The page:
The use of any Web 2.0 application can be fraught with danger and as educator we need to understand the downsides of any technology we use. This should not put us off utilising them however, because ultimately it is these technologies that our students identify and feel most comfortable with. And by using them we can continue to create the engagement and participation that is the objective of education.

 References

Adams, D., & Hamm, M. (2005). Redefining Education in the Twenty-first Century : Shaping Collaborative Learning in the Age of Information   Retrieved from http://unitec.eblib.com.au/patron/FullRecord.aspx?p=578643

Knowles, P. D., Malcolm S., Holton, I., Ed.D., Elwood F., & Swanson, P. D., Richard A. (2005). The Adult Learner : The Definitive Classic in Adult Education and Human Resource Development   Retrieved from http://unitec.eblib.com.au/patron/FullRecord.aspx?p=232125

McGlynn, K. (2011). The funniest acts of Wikipedia vandalism ever (pictures)  Retrieved 14 May, 2011, from http://www.huffingtonpost.com/2010/04/06/the-funniest-acts-of-wiki_n_522077.html#s78740&title=Dude

Muijs, D., Ainscow, M., Chapman, C., & West, M. (2011). Collaboration and Networking in Education. London: Springer Dordrecht Heidelberg.

Thornberry, T. P., Krohn, M. D., Lizotte, A. J., & Smith, C. A. (2003). Gangs and delinquency in development prespective. Cambridge: Cambridge University Press.

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Collaboration + Communication = Wiki

May 8, 2011 at 7:09 pm (Web 2.0, Wiki)

I edited Wikipedia the other day. It was easy. I simply found a page that interested me, switched to edit mode, and updated the information. Now millions of people around the world can view the updated and corrected information that I published. Or was it correct? Perhaps I changed some of the content to misrepresent the facts, altered history slightly or wrote some slanderous comments about someone or something.

The same qualities that make a Wikipedia an ideal reference source, (its openness and collaborative nature) can prove to be its downfall. There have been numerous instances of Wikipedia hoaxes; in one example an Irish student published a fictitious quote on the wiki entry for a recently deceased composer. This quote was picked up and subsequently appeared in several world newspapers (Grergely, 2009). If anything this serves as a cautionary tale regarding the use of open media such as Wikipedia.

Brian struggled to find his wiki entry

The word ‘wiki’ is believed to have come from the Hawaiian word for ‘quick’. Early wiki’s were primarily text based sites that allowed content to be edited by specified users. Wikipedia is the most widely known and used form of a wiki however there are numerous examples of wiki’s in use on the internet. A number of sites (google, wikispaces, and wikidot) offer free wiki creation so that interest groups or individuals can create their own. Also some company intranet sites allow the creation of wiki’s for internal use by staff.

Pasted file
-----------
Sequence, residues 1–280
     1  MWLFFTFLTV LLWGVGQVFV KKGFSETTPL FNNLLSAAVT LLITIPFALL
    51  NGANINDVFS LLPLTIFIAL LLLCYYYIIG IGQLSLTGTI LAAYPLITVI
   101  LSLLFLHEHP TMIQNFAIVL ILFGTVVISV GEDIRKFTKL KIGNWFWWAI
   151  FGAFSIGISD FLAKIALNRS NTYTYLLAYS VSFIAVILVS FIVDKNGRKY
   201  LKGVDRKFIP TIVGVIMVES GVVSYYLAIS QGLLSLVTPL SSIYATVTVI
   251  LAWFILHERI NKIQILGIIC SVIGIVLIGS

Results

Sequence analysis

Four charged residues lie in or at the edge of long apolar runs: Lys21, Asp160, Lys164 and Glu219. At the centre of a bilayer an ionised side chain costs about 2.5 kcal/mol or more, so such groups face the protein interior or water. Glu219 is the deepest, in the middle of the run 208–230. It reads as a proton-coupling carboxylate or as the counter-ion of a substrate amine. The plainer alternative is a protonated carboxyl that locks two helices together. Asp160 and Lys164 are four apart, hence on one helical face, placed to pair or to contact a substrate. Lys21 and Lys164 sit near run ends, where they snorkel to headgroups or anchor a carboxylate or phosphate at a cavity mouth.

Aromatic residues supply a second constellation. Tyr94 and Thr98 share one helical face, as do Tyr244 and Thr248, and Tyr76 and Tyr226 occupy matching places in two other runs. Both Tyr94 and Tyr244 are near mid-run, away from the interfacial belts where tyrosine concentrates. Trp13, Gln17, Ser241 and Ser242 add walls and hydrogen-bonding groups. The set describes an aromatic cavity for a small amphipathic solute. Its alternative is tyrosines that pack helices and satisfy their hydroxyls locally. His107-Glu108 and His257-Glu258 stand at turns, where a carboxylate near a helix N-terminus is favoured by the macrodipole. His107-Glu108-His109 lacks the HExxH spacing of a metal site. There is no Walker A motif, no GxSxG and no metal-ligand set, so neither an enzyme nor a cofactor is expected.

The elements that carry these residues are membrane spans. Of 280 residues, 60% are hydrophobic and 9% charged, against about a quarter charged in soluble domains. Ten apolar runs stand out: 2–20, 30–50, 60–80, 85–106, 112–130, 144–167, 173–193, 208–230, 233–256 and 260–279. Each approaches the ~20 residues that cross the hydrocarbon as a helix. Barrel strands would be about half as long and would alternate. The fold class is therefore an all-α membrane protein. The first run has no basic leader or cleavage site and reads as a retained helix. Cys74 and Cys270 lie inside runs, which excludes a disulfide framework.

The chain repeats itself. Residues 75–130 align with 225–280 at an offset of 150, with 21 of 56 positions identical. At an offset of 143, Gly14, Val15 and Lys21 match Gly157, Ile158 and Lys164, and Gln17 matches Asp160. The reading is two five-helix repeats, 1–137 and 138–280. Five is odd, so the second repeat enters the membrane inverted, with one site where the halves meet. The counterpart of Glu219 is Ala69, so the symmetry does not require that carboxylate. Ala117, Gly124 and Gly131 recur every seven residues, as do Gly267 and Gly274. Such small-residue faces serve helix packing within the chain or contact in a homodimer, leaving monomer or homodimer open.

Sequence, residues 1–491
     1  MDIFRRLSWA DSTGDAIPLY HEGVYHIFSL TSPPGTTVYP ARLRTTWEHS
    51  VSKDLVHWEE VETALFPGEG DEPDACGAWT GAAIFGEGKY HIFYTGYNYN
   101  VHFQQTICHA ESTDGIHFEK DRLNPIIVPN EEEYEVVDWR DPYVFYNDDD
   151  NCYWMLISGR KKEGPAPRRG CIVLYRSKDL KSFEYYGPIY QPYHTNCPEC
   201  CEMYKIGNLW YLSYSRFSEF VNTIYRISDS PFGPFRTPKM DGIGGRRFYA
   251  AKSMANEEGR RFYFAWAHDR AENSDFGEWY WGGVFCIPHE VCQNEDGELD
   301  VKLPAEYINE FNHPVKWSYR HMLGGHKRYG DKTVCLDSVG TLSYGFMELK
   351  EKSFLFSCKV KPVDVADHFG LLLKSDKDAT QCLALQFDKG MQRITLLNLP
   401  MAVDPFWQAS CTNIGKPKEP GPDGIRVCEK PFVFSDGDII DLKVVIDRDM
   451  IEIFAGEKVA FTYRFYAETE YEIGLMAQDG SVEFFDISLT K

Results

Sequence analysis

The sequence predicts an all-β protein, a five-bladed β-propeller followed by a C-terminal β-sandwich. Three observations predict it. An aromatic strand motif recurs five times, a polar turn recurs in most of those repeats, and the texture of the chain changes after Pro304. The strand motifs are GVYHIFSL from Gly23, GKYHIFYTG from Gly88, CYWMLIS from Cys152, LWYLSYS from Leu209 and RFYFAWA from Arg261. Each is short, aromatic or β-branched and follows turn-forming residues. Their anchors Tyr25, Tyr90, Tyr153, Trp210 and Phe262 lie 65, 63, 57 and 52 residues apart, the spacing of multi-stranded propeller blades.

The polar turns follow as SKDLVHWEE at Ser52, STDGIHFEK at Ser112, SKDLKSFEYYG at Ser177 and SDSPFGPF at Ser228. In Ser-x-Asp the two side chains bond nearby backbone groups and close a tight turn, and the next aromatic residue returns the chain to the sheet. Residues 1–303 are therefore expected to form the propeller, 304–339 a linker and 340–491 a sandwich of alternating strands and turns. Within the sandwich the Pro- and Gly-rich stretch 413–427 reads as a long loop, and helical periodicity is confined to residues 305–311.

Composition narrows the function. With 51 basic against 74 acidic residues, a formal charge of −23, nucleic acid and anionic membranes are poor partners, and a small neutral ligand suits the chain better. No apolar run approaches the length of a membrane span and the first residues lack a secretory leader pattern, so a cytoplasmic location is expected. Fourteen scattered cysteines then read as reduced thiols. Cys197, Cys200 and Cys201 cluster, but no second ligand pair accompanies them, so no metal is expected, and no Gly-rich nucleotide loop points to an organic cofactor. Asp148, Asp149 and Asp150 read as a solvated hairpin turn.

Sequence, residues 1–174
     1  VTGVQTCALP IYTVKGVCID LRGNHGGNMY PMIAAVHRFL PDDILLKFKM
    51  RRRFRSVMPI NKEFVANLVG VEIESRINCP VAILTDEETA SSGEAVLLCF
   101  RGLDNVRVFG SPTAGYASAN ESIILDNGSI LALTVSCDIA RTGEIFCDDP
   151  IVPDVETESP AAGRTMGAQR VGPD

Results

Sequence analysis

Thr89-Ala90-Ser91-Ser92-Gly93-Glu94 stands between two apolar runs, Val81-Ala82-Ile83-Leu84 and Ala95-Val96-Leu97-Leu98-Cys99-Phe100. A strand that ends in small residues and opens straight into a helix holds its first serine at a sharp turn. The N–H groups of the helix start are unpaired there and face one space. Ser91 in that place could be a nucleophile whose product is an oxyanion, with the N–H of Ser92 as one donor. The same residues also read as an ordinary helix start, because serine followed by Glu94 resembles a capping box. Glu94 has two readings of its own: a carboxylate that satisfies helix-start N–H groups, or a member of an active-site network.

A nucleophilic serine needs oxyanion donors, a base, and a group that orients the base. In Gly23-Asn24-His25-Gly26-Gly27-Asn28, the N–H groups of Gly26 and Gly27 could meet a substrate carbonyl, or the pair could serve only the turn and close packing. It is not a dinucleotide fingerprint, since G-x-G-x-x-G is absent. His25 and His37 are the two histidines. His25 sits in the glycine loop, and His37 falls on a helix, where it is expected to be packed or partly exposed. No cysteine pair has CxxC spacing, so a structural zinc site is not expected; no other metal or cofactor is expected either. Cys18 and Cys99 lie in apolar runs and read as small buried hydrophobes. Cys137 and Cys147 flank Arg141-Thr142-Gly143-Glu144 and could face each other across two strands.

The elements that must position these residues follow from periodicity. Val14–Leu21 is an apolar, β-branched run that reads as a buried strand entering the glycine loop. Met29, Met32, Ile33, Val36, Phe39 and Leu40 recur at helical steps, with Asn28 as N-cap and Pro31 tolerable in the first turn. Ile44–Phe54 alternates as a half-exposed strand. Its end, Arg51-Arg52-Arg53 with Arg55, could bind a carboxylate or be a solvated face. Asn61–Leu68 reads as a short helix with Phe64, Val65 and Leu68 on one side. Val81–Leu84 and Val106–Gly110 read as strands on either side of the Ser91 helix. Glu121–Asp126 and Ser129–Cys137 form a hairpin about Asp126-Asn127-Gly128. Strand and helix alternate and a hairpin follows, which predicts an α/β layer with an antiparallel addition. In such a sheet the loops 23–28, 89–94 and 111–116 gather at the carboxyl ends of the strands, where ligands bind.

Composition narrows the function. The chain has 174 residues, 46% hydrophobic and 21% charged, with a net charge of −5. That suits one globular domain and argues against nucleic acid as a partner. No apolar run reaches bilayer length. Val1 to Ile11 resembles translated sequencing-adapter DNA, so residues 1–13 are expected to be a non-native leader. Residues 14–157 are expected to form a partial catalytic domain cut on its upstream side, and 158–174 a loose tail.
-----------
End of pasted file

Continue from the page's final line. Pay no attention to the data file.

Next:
So how can we use Wiki’s in education?

One definitive feature of a wiki is that it allows communication and collaborative in a digital environment . This provides the tools that allow students to create, edit and update information and in the process create knowledge. Although their social nature  is not immediately apparent, wikis  allow asynchronous collaboration between students, teachers, and the wider world.  It is this creation of knowledge in a social context that Van Harmelen (2008) points to being a central theme of social constructivism; a theory that fits into modern pedagogical practice.

Another feature of a wiki is its widespread use. By utilising a wider platform, like Wikipedia, the perceptions and interpretations (Muijs, Ainscow, Chapman, & West, 2011) formed within the group can also be tested against ‘real world’ conditions. While this may expose students to extreme views of society it also can act as a mirror to the group perceptions especially those that don’t conform to social norms while at the same time providing an opportunity to examine those norms.

Finally the digital nature of a wiki enables students to become more creative in their development of new knowledge. The ability to utilise and embed a variety of traditional and more modern technologies into a wiki allows the students to personalise their interactions with the subject. Teehan (2010) points to this personalisation as one of the stand out features of a wiki when used for students who don’t fit into the educational middle ground (either under or over achievers). A wiki establishes a free flowing platform on which these students and teachers can freely experiment, which may in turn help create, maintain and provoke the engagement that is missing from traditional methods.

In summary, Wikipedia is the biggest example of a wiki. Its widespread use by digital natives and immigrants alike has made it one of the most widely known and widely referenced sites. This familiarity, together with the collaborative and communicative nature of wiki’s in general, make them valuable tools in the educator’s toolbox. Although one of the first Web 2.0 applications to appear; a wikis ability to utilise, embed and interact with other Web 2.0 tools means that it may outlive some of the more recent application developments.

All that is required now is for teachers to work out how to use them… so why don’t you give it a go here,

http://en.wikipedia.org/wiki/Unitec_Institute_of_Technology#Study_areas.

References

Grergely, A. (2009). Irish student’s Jarre wiki hoax dupes journalists. Reuters. Retrieved from Reuters website: http://www.reuters.com/article/2009/05/07/us-wikipedia-hoax-idUSTRE5461ZJ20090507

Muijs, D., Ainscow, M., Chapman, C., & West, M. (2011). Collaboration and Networking in Education. London: Springer Dordrecht Heidelberg.

Teehan, K. (2010). Wikis: The educator’s power tool.  Santa Barbara: Linworth.

Van Harmelen, M. (2008). Design trajectories: four experiments in PLE implementation. Interactive Learning Environments, 16 (1),  35-46.